Re: html, http, urls and internationalisation

At 03:32 pm 1/28/96 -0500, Francois Yergeau spake:
>  ""=20

   Hmmm... I got this:

404 Pas trouv=E9

L'URL demand=E9 /~Fran=E7ois est introuvable sur ce serveur.

   But I seem to be getting the c-cedilla okay.=20

   What character set is it expecting?=20

>Personally, I like the implicit UTF-8 idea: any non-ASCII character
>must be sent to a server as its UTF-8 encoding, either URL-encoded

   That leaves out a large segment of the world. Frankly, I don't=20
think we can get very far with any 8-bit system. Even if we discount=20
the languages with more than 100 or so characters, we're still stuck=20
once we try to handle more than two or three--greek, cyrillic,=20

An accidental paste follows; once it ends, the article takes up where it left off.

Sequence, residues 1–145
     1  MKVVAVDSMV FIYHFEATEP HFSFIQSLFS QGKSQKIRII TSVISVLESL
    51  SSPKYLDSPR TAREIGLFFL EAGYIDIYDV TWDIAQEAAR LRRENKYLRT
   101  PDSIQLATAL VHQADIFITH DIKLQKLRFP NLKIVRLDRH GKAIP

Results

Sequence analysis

semitic/arabic, english--too many characters already.=20



   How about an optional single-octet, represented in decimal ascii,=20
that specifies a character-set. Register a number of them with IANA,=20
and then it's up to the server to be able to interpret those that=20
are applicable to the services it handles locally.=20

   If there is no octet specified, the server defaults to 7-bit=20

   The ordinal value of the octet could be loosely-tied to the=20
numeric country codes already in use for a number of other purposes.=20

   So, if the first field of a request is numeric, e.g.:=20

033 GET /~Fran=E7ois HTTP/1.1

   The server knows that this request is using character-set=20
number "33", which would of course have a common representation=20
for c-cedilla, and voil=E0! everyone knows who's saying what!


   BTW, the mail header to your message had this:=20

Mime-Version: 1.0
Mime-Version: 1.0
Mime-Version: 1.0
Mime-Version: 1.0
Mime-Version: 1.0
Mime-Version: 1.0
Mime-Version: 1.0

   Does that make it version 7.0?

| BearHeart / Bill Weinman | |
| Author of The CGI Book --

Received on Sunday, 28 January 1996 15:36:06 UTC